“Most people do not listen with the intent to understand; they listen with the intent to reply” Stephen Covey
Hands up, who loves to give advice? Guillltttttttyyyyy! We all love to be the hero sometimes. OK, another quiz, hands up who loves to be right in an argument? Guilllllttttyyy as charged again. I mean come on, who doesn’t love to throw down an amazing point in an argument that silences your opponent? It’s human nature to fluff our feathers in conflict. It’s also in our nature to take on the role of savior and sage adviser. But did you know that being the agony aunt or the victor actually makes you a less successful communicator? I came across this quote a couple of years ago and it was one of those things that has stuck with me ever since. “Most people do not listen with the intent to understand; they listen with the intent to reply”.
It’s a simple concept isn’t it, listening to someone? We all do it throughout our every day life and many of us give ourselves the title of “great listener” without giving much thought to what is actually means to listen. When I talk about listening I don’t mean merely switching your lugholes on. I mean REALLY listening and not just say “yeah” while you’re painting your nails on the phone or sitting there waiting for a gap in the conversation to offer some groundbreaking advice that will also award you with the title of “wise one”. So few of us genuinely practice active listening yet we believe whole heatedly that we are “great listeners”. It seems to me that we all have our two cents that we want to add to a conversation and part of being human is a desire, no matter how small, to help and if we’re really honest a small part of us that wants to be right. How many times have you had an argument with someone and sat there poised to respond? Mouth slightly open waiting for your chance to butt in. How many times have you thought that you know just what to say to your friend who is in crisis? You’ve got the perfect anecdote of a time you experienced a similar problem and want to tell them how you overcame your challenge and how they can too. Now I’m not saying that it’s wrong to give advice. Sometimes our experiences that we share with others help them exponentially and sometimes people genuinely want to hear what to do. However, sometimes people just want to spill their guts and not hear what you would do in their position. Because it’s just that, it’s not you in their position, it’s them.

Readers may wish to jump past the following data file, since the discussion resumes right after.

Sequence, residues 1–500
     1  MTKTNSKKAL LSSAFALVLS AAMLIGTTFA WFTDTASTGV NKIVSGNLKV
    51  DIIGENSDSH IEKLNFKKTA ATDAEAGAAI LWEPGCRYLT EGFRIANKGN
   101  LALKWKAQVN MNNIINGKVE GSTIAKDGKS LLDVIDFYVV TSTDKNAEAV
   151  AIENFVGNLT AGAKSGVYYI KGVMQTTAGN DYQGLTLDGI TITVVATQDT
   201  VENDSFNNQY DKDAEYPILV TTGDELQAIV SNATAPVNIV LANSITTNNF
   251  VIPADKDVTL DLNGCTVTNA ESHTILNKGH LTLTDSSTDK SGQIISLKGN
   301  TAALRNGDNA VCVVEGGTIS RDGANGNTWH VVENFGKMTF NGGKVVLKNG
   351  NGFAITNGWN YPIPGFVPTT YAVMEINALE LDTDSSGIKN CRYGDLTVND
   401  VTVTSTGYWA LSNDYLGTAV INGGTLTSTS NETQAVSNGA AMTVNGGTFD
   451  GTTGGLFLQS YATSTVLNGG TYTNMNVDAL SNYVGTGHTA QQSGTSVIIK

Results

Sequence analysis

This concept of actually listening opened my eyes (or should I say ears) to a new way of understanding people and managing conflict. When we’re in a heated debate or argument we naturally think one, two or three steps ahead, eager to get our point across. We aren’t actually listening to the person offering an alternative point of view and therefore our arguments never go anywhere apart from shouting territory as we’re only listening to our own internal monologue. I often tell my students that they need to turn off their own minds and fully listen to the person they are having trouble with. It is only when we stop and truly, honestly listen that we gain a new perspective.
Sympathy V.S Empathy